Matt Daniels: UI football Q&A

Matt Daniels: UI football Q&A

No, Tim Beckman hasn’t named Wes Lunt — or anyone — his starting quarterback. Yet. But the season is fast approaching (91 days and counting, with summer workouts starting June 9). In two months, a select few players will don suits and ties at the Hilton Chicago, where a mass of media nearing 1,000 will pepper them with questions during a two-day span. In less than three months, Tim Beckman’s team will start preparations for its season opener against Youngstown State. So it’s never too early to assess what could transpire this fall at Memorial Stadium and elsewhere. For that, we turned to beat writer MATT DANIELS to give us the lowdown:


When is Illinois going to name a starting QB?

Whenever Tim Beckman feels like it. Which, given his ability to maneuver around the topic whenever it is broached, may not happen for some time.
He doesn’t have to name one today. Or tomorrow. Or in two days. In fact, he doesn’t have to let anyone know until Wes Lunt, Reilly O’Toole or Aaron Bailey trots out to the first huddle of the season against the Penguins. Based on what the spring revealed — discounting the subpar spring game from Lunt — the first Rochester product to play for Illinois should get the start against Youngstown State.

If you designed a prototypical quarterback for Bill Cubit’s offensive system, Lunt is the ideal choice. His arm strength, accuracy and ability to make all different kinds of throws could open up the Illinois offense even more this fall.  

Who are the leaders on offense?

We’ll break this down by position groups. Among the five quarterbacks on the roster — Lunt, O’Toole, Bailey, Chayce Crouch and Man Berg — O’Toole is the one the other four look up to.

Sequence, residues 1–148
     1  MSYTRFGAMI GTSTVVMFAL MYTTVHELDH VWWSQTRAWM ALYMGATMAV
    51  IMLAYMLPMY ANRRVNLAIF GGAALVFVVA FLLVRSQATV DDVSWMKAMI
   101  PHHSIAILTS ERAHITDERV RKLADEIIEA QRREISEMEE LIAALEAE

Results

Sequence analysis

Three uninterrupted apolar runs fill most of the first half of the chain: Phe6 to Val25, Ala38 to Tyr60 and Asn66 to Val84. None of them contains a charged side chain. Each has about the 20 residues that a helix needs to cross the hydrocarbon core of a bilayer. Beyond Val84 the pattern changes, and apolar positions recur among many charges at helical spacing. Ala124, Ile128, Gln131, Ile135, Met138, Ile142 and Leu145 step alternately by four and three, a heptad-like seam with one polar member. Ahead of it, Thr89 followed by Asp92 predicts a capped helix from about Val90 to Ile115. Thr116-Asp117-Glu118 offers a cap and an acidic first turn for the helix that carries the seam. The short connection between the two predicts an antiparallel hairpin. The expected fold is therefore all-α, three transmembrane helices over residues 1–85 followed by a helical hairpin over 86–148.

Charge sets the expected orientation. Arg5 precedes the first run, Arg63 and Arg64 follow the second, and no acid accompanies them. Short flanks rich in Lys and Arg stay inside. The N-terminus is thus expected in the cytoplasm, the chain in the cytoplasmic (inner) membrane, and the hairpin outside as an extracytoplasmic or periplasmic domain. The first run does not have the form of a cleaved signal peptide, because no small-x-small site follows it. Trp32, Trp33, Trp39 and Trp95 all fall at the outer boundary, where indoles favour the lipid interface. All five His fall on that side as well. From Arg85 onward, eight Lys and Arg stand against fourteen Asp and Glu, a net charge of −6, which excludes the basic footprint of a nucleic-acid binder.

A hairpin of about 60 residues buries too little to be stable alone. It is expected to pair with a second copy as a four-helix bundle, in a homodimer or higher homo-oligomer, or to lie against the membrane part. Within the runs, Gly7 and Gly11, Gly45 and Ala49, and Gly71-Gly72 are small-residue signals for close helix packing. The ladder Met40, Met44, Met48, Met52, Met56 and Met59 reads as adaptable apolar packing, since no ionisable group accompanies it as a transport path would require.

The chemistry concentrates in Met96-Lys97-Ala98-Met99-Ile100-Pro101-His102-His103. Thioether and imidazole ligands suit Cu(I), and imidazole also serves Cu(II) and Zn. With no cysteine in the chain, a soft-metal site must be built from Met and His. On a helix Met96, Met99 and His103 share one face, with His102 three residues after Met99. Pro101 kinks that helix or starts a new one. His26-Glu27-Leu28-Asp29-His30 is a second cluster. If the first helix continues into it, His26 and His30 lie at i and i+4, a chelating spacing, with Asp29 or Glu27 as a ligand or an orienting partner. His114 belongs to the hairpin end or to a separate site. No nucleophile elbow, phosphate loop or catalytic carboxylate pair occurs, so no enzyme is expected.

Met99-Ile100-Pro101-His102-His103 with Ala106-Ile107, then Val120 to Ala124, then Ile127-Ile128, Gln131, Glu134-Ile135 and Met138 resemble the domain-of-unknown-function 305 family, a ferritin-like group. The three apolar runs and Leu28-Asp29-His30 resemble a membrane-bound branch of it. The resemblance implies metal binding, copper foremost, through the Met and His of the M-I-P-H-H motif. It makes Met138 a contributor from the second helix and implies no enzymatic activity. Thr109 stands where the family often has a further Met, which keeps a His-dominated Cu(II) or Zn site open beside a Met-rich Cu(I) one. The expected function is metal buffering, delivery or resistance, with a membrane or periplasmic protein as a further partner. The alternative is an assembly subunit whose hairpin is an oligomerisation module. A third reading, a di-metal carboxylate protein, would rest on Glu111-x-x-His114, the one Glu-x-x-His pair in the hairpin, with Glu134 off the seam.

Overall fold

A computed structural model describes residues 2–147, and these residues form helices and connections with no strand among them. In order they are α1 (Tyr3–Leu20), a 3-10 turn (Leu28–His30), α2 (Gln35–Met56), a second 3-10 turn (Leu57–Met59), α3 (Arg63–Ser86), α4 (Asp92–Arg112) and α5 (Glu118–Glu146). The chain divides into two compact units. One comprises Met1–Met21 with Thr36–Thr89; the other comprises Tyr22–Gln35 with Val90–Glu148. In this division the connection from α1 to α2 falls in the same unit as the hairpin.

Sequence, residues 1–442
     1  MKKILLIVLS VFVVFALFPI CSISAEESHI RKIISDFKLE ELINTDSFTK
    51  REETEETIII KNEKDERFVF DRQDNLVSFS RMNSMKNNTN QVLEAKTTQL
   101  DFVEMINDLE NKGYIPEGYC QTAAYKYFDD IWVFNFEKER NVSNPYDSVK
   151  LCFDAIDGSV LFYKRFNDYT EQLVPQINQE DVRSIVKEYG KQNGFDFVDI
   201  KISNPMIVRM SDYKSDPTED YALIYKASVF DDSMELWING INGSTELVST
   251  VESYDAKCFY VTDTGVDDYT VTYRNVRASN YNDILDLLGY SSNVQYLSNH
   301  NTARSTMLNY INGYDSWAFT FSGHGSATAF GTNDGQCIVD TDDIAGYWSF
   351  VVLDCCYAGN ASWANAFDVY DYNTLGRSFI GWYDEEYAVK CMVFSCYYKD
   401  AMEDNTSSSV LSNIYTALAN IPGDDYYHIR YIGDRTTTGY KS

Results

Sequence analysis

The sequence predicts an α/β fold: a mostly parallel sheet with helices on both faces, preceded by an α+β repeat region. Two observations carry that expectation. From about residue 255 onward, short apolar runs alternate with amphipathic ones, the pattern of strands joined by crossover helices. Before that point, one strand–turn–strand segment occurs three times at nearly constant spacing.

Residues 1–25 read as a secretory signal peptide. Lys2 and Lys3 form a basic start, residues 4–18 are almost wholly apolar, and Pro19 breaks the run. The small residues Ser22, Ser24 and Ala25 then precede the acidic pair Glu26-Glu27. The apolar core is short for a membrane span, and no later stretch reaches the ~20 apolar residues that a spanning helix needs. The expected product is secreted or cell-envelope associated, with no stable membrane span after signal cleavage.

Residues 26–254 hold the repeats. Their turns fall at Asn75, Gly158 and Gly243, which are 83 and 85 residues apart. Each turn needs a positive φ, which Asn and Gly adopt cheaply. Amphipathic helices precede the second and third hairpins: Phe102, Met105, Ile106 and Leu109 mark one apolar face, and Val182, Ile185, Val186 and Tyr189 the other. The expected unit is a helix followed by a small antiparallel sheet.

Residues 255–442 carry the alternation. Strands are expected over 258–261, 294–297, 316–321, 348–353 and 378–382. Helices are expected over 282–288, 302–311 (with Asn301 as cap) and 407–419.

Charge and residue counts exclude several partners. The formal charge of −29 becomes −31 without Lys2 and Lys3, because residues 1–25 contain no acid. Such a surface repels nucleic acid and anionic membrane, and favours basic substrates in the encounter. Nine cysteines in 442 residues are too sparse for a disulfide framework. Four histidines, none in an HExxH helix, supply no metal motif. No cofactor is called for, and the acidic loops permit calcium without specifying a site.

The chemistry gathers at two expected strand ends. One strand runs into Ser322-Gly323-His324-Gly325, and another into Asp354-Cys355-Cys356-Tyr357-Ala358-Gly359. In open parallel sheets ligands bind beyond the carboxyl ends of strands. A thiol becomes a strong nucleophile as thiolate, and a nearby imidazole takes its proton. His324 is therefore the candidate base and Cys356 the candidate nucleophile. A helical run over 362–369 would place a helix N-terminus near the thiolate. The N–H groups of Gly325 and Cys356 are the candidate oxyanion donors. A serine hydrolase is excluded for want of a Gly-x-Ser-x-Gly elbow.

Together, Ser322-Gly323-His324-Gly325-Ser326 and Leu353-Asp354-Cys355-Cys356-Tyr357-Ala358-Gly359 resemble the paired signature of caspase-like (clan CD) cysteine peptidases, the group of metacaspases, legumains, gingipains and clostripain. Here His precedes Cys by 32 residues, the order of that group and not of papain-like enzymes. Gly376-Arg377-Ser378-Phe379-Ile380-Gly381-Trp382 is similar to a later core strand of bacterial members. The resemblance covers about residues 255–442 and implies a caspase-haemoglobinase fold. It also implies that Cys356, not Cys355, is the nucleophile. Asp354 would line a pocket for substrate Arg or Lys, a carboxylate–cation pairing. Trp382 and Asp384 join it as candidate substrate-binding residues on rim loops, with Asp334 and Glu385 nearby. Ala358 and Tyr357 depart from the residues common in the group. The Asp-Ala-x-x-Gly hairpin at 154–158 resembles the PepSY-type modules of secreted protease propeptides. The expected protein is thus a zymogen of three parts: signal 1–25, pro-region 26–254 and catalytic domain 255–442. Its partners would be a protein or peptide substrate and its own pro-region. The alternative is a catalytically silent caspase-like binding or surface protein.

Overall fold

“He just made me feel comfortable and a part of the guys with his personality,” Lunt said. “He’s helped me an awful lot with football. If I have questions, he’s a great person to go up to and just ask.”

When it comes to the running backs — Josh Ferguson, Donovonn Young, Devin Church and Kendrick Foster — it’s a mantle the versatile but soft-spoken Ferguson and the opinionated Young will have to both shoulder. How Young responds after a disappointing 2013 season and how he handles his role is an area to watch in the early part of the season because Ferguson is the clear-cut starter.

With the wide receivers, Justin Hardee is the veteran and most experienced of the group. Which might not exactly bode well considering he hasn’t done much to have his name recognized by the casual football fan in his first two seasons. Jon Davis and Matt LaCosse lead the tight ends room, with LaCosse more of an extrovert than the lead-by- example mind-set of Davis.

The offensive line has plenty of options to consider, but one who has emerged this spring is center Alex Hill (check out our section on Father’s Day for more on Hill). This is the most experienced unit on offense, and after two years of trying to find its identity, this is the time for the likely starting five of Hill, left guard Michael Heitz, left tackle Simon Cvijanovic, right guard Ted Karras and right tackle Austin Schmidt to factor into the top half of Big Ten offensive lines.